death by meeting

This past week on vacation I took advantage of some down time to catch up on some reading and even had the opportunity to go back through one of my favorite books about meetings. Yes…a book about meetings. No, I’m not crazy. I’ve had the tendency to despise meetings just as much as the next guy. I mean who wants to go to another meeting right? But Patrick Lencioni’s “Death by Meeting” has become one of my go to resources when it comes to meetings. Not only is it full of great concepts and ideas but; they’re accessible and applicable for real world work place solutions. Below is an overview of the four kinds of meetings that Patrick Lencioni creatively discusses in his book Death by Meeting.

Meeting Type: Daily Check-in
Time Required: 5 minutes
Purpose and Format: Share daily schedules and activities
Keys to Success: Don’t sit down. Keep it administrative. Don’t cancel even when some people can’t be there.

Meeting Type: Weekly Tactical
Time Required: 45-90 minutes
Purpose and Format: Review weekly activities and metrics, and resolve tactical obstacles and issues
Keys to Success: Don’t set agenda until after initial reporting. Postpone strategic discussions.

Meeting Type: Monthly Strategic
Time Required: 2-4 hours
Purpose and Format: Discuss, analyze, brainstorm, and decide upon critical issues affecting long-term success.
Keys to Success: Limit to one or two topics. Prepare and do research. Engage in good conflict.

Meeting Type: Quarterly Off-site
Time Required: 1-2 days
Purpose and Format: Review strategy, industry trends, competitive landscape, key personnel, team development
Keys to Success: Get out of office. Focus on work, limit social activities. Don’t over structure or overburden the schedule.

Continue reading below for more highlights and take aways from Death by Meeting:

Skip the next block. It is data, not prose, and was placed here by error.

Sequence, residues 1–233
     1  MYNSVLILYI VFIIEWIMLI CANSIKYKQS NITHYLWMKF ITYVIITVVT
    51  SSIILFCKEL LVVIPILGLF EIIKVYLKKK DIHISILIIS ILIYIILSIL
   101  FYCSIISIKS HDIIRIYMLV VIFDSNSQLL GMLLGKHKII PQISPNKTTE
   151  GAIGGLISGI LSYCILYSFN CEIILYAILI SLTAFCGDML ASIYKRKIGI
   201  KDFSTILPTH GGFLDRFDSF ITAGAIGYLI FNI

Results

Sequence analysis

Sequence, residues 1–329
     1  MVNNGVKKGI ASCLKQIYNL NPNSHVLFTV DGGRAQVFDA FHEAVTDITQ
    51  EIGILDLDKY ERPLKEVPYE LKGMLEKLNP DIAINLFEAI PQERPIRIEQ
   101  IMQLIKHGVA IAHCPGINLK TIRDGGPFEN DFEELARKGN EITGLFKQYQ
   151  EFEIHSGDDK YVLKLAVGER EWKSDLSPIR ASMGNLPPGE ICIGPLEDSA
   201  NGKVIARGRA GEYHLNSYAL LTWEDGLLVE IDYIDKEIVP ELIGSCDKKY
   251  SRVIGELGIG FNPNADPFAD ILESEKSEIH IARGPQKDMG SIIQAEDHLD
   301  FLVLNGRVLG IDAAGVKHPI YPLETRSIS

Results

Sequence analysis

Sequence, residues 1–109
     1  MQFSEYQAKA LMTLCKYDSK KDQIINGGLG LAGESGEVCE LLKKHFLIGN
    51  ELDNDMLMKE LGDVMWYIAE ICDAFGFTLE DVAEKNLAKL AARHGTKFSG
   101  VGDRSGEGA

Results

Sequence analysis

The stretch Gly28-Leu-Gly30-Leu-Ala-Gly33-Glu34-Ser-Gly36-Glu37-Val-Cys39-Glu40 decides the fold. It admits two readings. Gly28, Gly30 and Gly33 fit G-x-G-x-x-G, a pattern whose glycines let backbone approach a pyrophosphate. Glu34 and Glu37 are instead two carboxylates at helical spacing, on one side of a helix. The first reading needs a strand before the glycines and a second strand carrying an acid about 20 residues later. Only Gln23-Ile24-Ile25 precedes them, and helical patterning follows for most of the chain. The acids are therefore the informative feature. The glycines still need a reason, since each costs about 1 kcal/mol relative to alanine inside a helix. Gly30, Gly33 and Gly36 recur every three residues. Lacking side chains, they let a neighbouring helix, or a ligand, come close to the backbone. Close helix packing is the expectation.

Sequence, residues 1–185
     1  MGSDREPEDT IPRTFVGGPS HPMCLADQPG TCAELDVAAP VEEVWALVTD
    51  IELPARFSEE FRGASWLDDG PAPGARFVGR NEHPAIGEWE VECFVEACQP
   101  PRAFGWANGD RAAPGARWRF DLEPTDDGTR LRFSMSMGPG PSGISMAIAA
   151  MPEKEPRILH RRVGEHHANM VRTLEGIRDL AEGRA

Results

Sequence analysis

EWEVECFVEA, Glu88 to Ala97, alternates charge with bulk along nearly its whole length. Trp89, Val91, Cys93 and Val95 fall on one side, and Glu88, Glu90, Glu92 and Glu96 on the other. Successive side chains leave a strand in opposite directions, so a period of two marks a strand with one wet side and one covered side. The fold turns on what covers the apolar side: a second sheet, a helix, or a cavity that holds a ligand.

• For those of us who lead and manage organizations, meetings are pretty much what we do. After all, we’re not paid for doing anything exceedingly tangible or physical, like delivering babies or kicking field goals or doing stand-up comedy. Whether we like it or not, meetings are the closest thing to an operating room, a playing field, or a stage that we have. And yet most of us hate them. We complain about, try to avoid, and long for the end of meetings, even when we’re running the darn things!
  • The hard truth is, bad meetings almost always lead to bad decisions, which is the best recipe for mediocrity.
  • Conflict is nothing more than an anxious situation that needs to be resolved.
  • Consensus is a horrible thing.
  • Bad meetings at the executive level usually indicate a huge gap between performance and potential.
  • If you’re trying to make a decision that you’re going to have to live with for years, who cares if the meeting goes long.
  • We try to accomplish too many things during our meetings and as a result don’t end up doing any of them successfully.
  • Consensus isn’t the goal; in fact it’s rarely achieved.
  • On the one hand, they are critical. Meetings are the activity at the center of every organization. On the other hand, they are painful. Frustratingly long and seemingly pointless. The good news is that there is nothing inherent about meetings that makes them bad, and so it is entirely possible to transform them in to compelling, productive, and fun activities. The bad news is that in order to do this, we will have to fundamentally rethink much of the way we perceive and manage meetings.
  • There are two problems with meetings: #1 Meetings are boring. #2 Meetings are ineffective.
  • Meetings are boring because they lack drama, or conflict.
  • Meetings are ineffective because they lack contextual structure.
  • The only thing more painful than confronting an uncomfortable topic is pretending it doesn’t exist.
  • The single biggest structural problem facing leaders of meetings is the tendency to throw every type of issue that needs to be discussed into the same meeting.
  • While it is true that much of the time we currently spend in meetings is largely wasted, the solution is not to stop having meetings, but rather to make them better.
  • When we fail to get clarity and alignment during meetings, we set in motion a colossal wave of human activity as executives and their direct reports scramble to figure out what everyone else is doing and why.

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